Please email NINDS-CTMC-Info@umich.edu if you have any other questions that are not addressed here.
1. Are you accepting applications for 2024?

The 2024 Clinical Trials Methodology Course is currently accepting applications. Please see the application page for more instructions.

2. Where is the application form? 

Please refer to the application instructions. These are being finalized and will be posted as soon as possible. The last page of the application instructions includes a template for you to organize your application materials into one document. Please copy and paste the template into a word doc (or equivalent) and combine all materials into one document. The application portal in REDCap, which is linked in the application instructions, includes a survey and a place to upload your complete application package. 

3. What sort of clinical research projects are eligible?

We are looking for applicants who wish to design trials that involve an intervention (drug, device, behavioral intervention, etc.) that is delivered to a patient with a neurological condition. Therefore, a single arm study looking at the association between a biomarker and a neurological outcome would generally NOT be well suited for our course. It may be the correct next scientific step for the problem, but our course is set up for the design of trials that deliver interventions. This might still be a single arm trial (futility design). If appropriate for the specific disease area, trial ideas that incorporate historical controls are eligible.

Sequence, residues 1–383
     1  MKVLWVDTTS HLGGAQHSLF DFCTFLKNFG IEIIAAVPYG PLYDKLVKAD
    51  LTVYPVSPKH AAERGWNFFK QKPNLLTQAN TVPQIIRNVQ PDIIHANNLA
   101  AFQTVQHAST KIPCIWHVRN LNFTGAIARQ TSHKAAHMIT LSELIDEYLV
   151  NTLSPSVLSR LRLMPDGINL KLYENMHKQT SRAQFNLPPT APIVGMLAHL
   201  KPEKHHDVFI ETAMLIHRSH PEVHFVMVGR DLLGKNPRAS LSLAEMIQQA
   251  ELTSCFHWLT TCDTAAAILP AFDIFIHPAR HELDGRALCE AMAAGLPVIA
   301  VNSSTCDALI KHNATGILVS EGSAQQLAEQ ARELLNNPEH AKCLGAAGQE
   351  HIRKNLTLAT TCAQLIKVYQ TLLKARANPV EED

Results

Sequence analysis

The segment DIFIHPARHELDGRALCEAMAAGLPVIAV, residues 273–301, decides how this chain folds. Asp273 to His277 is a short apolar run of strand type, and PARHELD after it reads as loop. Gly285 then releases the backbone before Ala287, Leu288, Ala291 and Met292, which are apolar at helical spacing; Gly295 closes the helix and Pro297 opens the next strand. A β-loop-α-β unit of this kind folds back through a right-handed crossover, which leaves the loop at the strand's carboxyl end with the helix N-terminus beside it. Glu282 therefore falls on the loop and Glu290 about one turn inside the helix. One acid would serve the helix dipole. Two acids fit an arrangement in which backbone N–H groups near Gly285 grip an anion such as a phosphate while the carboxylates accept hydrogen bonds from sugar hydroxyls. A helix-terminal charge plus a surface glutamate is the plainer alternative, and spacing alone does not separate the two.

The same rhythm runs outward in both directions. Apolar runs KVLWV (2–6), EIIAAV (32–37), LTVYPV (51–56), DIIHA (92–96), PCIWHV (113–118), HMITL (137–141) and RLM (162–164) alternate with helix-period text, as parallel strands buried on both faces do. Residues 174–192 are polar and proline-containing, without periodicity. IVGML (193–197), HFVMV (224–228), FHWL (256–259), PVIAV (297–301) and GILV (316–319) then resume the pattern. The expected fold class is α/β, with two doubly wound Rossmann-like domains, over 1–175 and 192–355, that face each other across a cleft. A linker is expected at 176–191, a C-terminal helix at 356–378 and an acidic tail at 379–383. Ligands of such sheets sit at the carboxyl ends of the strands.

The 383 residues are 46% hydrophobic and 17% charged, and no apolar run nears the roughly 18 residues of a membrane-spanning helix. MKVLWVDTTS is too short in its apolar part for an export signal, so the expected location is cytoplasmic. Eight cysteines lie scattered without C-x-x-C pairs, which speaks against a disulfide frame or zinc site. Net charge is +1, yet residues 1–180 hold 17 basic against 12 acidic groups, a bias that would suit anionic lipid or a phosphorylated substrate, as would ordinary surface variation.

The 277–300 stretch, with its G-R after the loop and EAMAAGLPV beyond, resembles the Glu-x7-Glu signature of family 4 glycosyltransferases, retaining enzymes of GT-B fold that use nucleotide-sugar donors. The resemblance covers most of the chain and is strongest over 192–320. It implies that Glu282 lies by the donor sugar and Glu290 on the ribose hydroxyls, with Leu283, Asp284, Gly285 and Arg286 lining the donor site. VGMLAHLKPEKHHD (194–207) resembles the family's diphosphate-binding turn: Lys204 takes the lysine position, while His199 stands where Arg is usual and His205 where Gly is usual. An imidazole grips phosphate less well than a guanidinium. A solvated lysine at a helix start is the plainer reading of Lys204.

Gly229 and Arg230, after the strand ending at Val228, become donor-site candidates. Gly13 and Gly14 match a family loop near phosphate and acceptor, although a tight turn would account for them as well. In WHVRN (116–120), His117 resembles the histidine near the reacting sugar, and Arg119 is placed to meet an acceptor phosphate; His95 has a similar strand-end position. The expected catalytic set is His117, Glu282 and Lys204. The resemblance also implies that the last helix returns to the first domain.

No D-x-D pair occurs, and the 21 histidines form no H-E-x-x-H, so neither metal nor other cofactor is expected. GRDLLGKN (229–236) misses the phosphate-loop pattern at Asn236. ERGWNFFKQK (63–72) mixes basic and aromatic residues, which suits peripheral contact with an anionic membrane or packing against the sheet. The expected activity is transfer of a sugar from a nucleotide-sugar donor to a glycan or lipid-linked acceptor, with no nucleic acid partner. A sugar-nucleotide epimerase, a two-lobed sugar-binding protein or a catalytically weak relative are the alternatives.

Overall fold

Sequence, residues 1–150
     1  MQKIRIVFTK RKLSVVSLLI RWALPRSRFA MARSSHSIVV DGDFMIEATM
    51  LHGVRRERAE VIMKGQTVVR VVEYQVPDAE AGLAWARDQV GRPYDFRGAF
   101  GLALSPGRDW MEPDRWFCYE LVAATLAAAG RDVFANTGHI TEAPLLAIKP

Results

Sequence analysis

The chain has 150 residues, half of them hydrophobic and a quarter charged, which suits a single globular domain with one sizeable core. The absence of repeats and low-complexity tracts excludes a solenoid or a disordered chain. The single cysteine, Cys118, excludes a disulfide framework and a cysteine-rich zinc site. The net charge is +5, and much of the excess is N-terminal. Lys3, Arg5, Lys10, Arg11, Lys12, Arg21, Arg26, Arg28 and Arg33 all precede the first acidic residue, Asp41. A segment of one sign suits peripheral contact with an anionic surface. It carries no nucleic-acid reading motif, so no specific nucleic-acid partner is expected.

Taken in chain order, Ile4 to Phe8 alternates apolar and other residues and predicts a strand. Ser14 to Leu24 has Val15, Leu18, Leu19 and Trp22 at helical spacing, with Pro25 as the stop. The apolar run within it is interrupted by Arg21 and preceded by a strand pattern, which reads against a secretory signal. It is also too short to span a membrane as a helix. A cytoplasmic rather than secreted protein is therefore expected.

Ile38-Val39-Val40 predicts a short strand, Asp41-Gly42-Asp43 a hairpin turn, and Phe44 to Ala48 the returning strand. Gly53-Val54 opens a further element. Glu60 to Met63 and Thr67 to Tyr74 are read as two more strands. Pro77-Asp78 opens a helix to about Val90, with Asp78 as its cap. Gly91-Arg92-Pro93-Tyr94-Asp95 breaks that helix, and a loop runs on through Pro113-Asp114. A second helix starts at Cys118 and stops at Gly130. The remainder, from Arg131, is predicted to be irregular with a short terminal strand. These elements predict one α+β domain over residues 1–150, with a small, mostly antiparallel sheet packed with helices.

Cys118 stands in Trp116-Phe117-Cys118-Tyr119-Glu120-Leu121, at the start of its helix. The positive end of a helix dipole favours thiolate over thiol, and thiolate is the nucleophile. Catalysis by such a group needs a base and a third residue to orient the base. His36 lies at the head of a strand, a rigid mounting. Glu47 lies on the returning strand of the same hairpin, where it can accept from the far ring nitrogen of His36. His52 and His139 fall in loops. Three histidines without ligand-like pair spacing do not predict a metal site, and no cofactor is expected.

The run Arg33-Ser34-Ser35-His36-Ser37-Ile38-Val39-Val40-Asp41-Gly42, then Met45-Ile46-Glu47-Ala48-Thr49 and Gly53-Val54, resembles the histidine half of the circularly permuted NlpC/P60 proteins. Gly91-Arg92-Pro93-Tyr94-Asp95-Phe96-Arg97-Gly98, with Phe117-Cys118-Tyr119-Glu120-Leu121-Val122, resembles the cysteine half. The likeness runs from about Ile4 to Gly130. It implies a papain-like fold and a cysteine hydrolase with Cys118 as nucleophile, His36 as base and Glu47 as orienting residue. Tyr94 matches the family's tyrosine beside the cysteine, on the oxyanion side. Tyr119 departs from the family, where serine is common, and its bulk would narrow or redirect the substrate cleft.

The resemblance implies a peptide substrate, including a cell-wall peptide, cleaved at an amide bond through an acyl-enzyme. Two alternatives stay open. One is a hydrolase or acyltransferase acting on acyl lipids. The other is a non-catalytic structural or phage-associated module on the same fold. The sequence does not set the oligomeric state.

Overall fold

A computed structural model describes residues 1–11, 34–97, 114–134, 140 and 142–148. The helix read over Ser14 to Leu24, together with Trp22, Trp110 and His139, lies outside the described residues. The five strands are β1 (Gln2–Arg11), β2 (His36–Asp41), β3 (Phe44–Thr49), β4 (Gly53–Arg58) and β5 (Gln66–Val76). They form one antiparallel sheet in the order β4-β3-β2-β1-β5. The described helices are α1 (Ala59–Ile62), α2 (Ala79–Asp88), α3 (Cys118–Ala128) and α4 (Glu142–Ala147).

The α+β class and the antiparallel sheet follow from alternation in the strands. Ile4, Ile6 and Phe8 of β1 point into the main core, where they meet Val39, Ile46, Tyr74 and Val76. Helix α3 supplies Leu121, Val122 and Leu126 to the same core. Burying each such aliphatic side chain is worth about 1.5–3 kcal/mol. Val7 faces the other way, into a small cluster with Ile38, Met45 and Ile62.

4. Can residents and fellows apply?
The short answer is yes. The longer answer is that this course is designed for applicants who have ownership of their project and will be able to proceed to seeing the project through its initiation and completion. Residents and fellows are typically not in this category.
5. I am moving to a new institution between now and the in-person course. Can I apply?
Absolutely. Please make sure that your chair at the new institution completes the chair letter for your application. Also we would want the local mentor to ideally be where you are landing in order to facilitate the conduct of the trial. That being said, if you are starting your first faculty position after fellowship, we have found that you may have added responsibilities which make it difficult to have adequate time to participate in the CTMC. 
6. I am not a US Citizen or permanent resident - can I apply?
Yes, you can apply and we have had trainees from outside the US before. However for travel, we can only cover it within the United States. So you would be responsible for getting from your country of origin to the US. Within the US we could cover cost of travel to the residential course. 
7. I am a resident or fellow. Can my fellowship or residency director write my letter?
Yes, but it should be reviewed and co-signed by the department chair. They will also need to address how doing a clinical trial is feasible within the remaining time horizon of your training.